At the end of a long and interesting article examining hints of the triunity of God in the creation narrative of Genesis 1, Peter Leithart concludes:
The Bible never teaches a merely-mono theism, not even for a single verse. As soon as God is named, we have a hint of plurality within the life of the Creator. As we read the account of creation, that whisper becomes more audible. And those hints of divine plurality provide the only coherent ground for the biblical teaching concerning creation. In fact, the Father, Son, and Spirit created all things. But it’s also the case that only the Triune God can create.
Creation is an act of sovereign independence. A Demiurge can shape pre-existing material, as much as the material permits. Shaping is not creating. A Creator must not be dependent on pre-existing material, hemmed in by its limits and resistances. And a Creator must be capable of making and doing as He wills. No monadic, unitarian God can be sovereign and independent in the way a Creator must be.
Think, first, of the life of a unitarian God without creation, then with creation. Absent creation, this God is utterly alone. Since there is no other, there is no communion or love. It doesn’t matter if the unitarian God possesses infinite potential for mercy, kindness, and love, for un-enacted love is not love. Further, absent creation, a unitarian God is unproductive, barren. He does not, by nature, beget or breathe out. He is unfruitful and uncreative in himself. Once this unitarian God forms a world outside, everything changes. Now he encounters an other. Now his infinite potential for communion begins to be realized in action. Now he is fruitful, and his light has radiance. Notice what has happened: The unitarian god can only realize the fullness of his divine life if he makes the world, and so he is dependent on the world for his full realization. He hasn’t created, because he has not acted with sovereign independence.
It’s not even clear that such a God can make anything outside himself. If there is no active productivity within the life of God, then by what mechanism does he become productive? This is not merely a question of mutability – the change from an unfruitful to a fruitful being. It is a matter of possibility: If the God is not productive in himself, he requires something other than himself to become productive. He cannot be Creator God, because his Creator-Godness, his capacity for producing a world, is dependent on an external catalyst.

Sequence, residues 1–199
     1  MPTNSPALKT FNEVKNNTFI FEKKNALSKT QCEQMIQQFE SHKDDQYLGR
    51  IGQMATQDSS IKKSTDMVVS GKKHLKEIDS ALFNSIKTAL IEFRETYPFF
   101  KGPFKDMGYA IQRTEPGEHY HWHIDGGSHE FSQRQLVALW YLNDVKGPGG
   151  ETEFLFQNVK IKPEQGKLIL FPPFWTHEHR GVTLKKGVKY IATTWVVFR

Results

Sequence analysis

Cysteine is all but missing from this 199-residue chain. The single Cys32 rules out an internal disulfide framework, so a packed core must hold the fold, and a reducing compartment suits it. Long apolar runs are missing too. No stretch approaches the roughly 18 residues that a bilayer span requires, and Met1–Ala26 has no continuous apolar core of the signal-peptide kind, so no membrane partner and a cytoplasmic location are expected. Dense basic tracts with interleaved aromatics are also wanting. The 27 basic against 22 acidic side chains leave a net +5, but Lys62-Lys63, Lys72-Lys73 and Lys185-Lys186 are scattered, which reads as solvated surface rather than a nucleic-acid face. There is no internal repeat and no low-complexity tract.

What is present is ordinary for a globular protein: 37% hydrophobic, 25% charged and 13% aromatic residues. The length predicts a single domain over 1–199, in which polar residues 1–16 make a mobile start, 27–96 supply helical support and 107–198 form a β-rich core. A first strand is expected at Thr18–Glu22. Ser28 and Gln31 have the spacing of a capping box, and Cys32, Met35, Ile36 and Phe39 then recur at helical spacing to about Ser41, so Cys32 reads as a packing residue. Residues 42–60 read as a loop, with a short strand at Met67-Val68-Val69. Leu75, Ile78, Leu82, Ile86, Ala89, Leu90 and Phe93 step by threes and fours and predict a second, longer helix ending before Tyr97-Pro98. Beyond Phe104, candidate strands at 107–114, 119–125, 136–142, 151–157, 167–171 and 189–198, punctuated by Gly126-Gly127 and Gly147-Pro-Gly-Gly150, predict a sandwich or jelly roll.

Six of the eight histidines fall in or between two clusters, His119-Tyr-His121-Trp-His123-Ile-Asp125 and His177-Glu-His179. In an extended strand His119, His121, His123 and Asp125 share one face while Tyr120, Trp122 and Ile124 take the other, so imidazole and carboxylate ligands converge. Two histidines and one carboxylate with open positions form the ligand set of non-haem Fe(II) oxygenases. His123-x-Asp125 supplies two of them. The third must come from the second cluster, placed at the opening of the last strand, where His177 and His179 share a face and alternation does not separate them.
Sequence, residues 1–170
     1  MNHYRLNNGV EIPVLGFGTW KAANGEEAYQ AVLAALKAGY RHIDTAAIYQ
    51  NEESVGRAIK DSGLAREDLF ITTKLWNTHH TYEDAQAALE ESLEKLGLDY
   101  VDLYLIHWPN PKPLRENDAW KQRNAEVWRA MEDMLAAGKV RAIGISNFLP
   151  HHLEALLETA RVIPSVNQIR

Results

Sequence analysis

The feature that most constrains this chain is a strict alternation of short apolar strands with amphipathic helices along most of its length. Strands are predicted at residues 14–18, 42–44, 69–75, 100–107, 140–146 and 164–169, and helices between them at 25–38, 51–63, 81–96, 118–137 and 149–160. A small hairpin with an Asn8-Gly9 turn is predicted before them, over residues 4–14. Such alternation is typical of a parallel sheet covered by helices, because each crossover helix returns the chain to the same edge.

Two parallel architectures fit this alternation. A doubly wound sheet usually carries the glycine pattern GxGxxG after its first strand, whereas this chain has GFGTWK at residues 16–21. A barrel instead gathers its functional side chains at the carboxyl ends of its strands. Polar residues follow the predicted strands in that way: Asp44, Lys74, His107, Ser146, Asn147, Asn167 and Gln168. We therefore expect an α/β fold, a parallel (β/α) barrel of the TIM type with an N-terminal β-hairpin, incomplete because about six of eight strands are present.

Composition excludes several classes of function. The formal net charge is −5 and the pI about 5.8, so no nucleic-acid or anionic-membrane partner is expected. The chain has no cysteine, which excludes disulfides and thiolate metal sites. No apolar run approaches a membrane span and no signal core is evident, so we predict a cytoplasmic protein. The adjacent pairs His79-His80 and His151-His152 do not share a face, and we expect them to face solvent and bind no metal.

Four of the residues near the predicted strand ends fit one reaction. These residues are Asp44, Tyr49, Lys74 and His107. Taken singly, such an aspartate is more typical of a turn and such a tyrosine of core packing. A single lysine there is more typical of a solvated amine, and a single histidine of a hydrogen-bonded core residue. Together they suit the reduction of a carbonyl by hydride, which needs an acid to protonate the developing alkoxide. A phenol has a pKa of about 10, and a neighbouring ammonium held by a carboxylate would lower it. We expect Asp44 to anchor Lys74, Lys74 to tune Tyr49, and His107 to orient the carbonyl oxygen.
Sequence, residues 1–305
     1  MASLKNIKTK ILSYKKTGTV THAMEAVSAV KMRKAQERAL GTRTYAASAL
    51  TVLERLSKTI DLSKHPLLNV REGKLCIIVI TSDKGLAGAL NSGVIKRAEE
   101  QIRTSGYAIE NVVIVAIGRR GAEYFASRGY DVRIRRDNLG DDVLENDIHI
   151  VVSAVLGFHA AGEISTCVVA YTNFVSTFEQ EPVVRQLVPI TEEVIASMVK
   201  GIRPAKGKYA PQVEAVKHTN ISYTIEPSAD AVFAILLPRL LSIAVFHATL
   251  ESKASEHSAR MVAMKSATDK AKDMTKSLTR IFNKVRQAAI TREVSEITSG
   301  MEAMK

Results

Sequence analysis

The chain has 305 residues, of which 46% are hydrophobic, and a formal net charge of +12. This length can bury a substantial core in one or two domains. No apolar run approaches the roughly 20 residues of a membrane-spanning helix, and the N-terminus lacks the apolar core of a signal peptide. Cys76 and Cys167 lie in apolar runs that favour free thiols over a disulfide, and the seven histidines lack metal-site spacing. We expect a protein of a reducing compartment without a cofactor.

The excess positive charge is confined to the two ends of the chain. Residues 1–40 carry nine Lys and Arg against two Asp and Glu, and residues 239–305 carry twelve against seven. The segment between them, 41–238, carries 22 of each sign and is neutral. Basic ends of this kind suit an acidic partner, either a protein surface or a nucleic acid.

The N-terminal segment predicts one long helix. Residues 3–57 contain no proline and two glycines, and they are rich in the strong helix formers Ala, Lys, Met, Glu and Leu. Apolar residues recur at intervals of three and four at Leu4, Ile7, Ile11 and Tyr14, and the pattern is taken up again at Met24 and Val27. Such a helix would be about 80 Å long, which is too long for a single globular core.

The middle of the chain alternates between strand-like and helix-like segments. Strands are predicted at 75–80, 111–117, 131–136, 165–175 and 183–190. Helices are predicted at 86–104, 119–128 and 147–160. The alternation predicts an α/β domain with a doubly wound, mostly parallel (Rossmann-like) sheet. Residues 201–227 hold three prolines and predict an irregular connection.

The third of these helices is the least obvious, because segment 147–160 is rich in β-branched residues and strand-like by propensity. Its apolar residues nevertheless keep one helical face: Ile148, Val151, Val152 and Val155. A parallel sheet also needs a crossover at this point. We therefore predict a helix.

Now, consider the life of the Triune God without, then with creation. The Triune God is an eternal communion of Persons, living eternally with other and other, relation and relationship among the Persons. This God’s love isn’t merely potential love; His love is eternally actualized in the Father’s love for the Son that is the Spirit. None of His attributes are merely potential, because He eternally enacts and realizes His justice, truth, faithfulness, jealous love, holiness in the communion of three Persons. He needs nothing other than himself to realize himself. Besides, the Triune God is fruitful within Himself. The Father, Athanasius says, has a “generative nature,” eternally producing the Other who is the Son through the other Other who is the Spirit. He is root and fruit, source, radiance, and diffusion. Since He is naturally and eternally productive, He can be a source for creation. Productivity is not alien to His life, not a potentiality realized in the production of the creation. Love for an Other is inherent in the life of God, and so it is natural for God to love a creation that is not God.
The choice is between a God who remains sovereign and independent only by remaining alone and barren, only by having no realm to rule; or, the living Triune God. And that choice is posed to us at the outset of the Bible, in the proto-Trinitarian creation account of Genesis 1.